In these and other instances, I usually find it necessary to confront not just an individual’s denial, but that of a group. Among other things, I offer—okay, I come close to insisting—that “acting out” isn’t only an explicitly sexual behavior signifying a sex addiction, but rather any action or thought that supports a defensive pattern, such as deflection from feeling, the indulgence of persecutory anxiety, for example. Even the most veteran of my group members have difficulty with this notion, for despite the intentions of mine and Joe Farley’s book, my sex addiction therapy groups are not specifically framed as psychodynamic in technique. My bad, I suppose, though I may defend myself on this point: I joined this sex addiction treatment milieu/subculture years ago, knowing that psychoanalytic thought was hardly the standard brought to the field—behavioral management was and still is, mostly because of people’s fears relating to sex and intimate relationships, not anything like medical necessity. Anyway, the guys in my groups know I believe in an unconscious, and they can just about tolerate my drawing attention to it (as a concept at least) ad nauseum. But they don’t know what psychoanalysis is—not really. However, I’m no different from them in the sense that I am subject to thinking patterns, reactivity, that governs my life more than I realize. It’s just that I’m in the habit—with help, actually—of thinking about how my mind works, and where the unknowing body and conscious process will typically follow. We might offer, in principle, that a mind can take responsibility for, as in acknowledge and allow feeling about, say, binging on porn at home, or stealing time at work for the same behavior—and also have room for a little indignation for witnesses, that oppressive boss or overbearing spouse. However, some may acknowledge how they can get lost in blame: start talking about the latter phenomenon at the expense of the former; have a sort-of 90-10 split between “I shouldn’t have been doing…” versus “that was messed up that he…”.
Another example, perhaps even plainer, or certainly cruder, in its language: a man reports in group that he is dating a woman he found via a dating site (Bumble) whose rule is that women must select male partners; interested male subjects can’t “initiate”. Ostensibly, this is about protecting vulnerable women from harassment/abuse but whose implications stretch beyond that worthy purpose. On an early date, the woman (somewhat predictably) volunteers that her past dating history has been fraught with creepy men who “only want to cum on her face”. In the aftermath of that exchange, the man in my group feels stung, rejected, and has settled into what he dubs “the friend zone” thinking that sex is off the table. Now, there are several issues here, but first I’ll touch on the group’s response, which is sympathetic and sort of strategic (how to keep an open mind) but nonetheless observant of an adversarial scenario. I mean it’s implicit. So, the group offers its jargony feedback replete with questions like “well, we’re you triggered by that?” or “how did that make you feel?” about which I have no complaint. Well, I kinda do, because after all, the reason the book’s called Getting Real is that I wish the language would be a little less polite sometimes; a bit more…to the point.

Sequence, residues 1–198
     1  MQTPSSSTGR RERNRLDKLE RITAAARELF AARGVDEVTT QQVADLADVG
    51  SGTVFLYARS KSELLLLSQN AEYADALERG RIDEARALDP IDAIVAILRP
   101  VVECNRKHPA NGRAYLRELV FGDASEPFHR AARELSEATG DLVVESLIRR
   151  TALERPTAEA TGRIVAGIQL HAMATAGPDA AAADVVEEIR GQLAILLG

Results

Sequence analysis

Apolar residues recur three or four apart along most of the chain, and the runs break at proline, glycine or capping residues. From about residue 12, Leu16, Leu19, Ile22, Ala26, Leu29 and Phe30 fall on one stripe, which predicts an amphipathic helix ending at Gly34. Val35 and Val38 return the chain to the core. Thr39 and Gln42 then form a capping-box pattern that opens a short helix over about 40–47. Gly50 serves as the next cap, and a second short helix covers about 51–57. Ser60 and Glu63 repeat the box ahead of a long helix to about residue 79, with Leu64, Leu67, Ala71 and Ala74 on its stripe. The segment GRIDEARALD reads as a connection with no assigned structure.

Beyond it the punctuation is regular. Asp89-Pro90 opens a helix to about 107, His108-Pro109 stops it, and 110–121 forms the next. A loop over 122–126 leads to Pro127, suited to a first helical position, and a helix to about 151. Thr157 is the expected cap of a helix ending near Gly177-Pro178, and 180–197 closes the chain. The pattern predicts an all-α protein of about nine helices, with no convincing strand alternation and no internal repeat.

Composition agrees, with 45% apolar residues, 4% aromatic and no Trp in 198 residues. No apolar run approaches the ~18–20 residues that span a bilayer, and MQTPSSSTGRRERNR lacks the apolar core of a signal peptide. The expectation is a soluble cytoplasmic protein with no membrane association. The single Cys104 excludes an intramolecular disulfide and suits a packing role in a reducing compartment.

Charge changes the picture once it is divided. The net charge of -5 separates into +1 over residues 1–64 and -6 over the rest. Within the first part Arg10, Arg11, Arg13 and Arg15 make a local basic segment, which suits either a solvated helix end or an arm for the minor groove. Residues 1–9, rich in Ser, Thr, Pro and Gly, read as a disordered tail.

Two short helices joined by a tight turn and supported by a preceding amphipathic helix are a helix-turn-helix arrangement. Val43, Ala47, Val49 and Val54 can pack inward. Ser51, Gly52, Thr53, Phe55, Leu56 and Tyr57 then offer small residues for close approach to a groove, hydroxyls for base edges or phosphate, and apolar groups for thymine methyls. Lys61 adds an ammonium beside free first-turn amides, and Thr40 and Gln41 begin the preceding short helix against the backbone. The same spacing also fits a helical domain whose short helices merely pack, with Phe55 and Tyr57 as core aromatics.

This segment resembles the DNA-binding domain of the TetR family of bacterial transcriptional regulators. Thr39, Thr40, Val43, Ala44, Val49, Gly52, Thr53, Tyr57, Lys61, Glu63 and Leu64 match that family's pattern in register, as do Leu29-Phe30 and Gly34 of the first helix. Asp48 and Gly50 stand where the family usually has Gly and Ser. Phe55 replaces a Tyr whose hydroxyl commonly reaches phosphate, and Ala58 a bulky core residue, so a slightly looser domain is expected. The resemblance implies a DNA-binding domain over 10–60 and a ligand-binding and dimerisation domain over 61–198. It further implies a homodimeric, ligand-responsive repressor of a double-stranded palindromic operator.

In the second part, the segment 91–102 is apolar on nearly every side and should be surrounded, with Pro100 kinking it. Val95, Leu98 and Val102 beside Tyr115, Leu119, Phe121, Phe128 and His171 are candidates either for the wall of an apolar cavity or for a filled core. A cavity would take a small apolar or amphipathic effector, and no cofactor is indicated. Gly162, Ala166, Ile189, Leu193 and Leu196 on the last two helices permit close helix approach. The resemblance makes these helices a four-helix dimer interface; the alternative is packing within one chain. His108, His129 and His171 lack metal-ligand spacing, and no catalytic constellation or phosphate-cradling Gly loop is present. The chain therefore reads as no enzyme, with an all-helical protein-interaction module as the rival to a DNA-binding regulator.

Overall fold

So anyway, I stir a dialogue. Firstly, I point out that the woman’s expression was predictable because both the zeitgeist and the dating website implicitly decreed that it would be women’s prerogative to declare, within the dating ritual, their negative experiences of men and to serve warning to seeming nice guys that such behavior won’t be tolerated. This implicit prerogative is being imparted as early as grade school probably; is reinforced throughout the time corridors of academia, and across social media so it’s no surprise it rears its prejudicial head during a nice evening out, so men in contemporary society either have to endure this phenomenon or withdraw, simply put. If men were using the dating scene to protest against women who are typically heavier than what they show in profiles, or women who seem drawn to men who are lavish with money, then they’d be called misogynists. The analogous trend, as first described in this paragraph, might be called misandry (the analogy to misogyny) if people knew that word, but they don’t generally. People know words that are drilled into their heads by media, and less so by academia which is progressively-leaning so it doesn’t teach concepts that don’t fit agendas. It’s a big word, misandry, but more importantly, a subversive, counter-revolutionary cue. Now, you may be wondering, was I really educating my group about marginalized concepts like misandry? Was I lecturing about the zeitgeists of the 21st century that put guilty and innocent men on the proverbial witness stand? No, actually I mentally parked most of that in order to ask a more salient question: “Well, do you want to cum on her face?”
The answer and the subsequent exchange is not the point. It got a laugh. Also not surprising. It broke the ice. Yeah, we don’t notice what we don’t notice. The group, as in the microcosm of society—indeed, of democratic community, by implication—is and was meant to help us not slip into the murky abyss of isolated thought, typically a defense. Problem is, groups are people too, and as many say in psychoanalytic circles, we don’t know what we don’t know.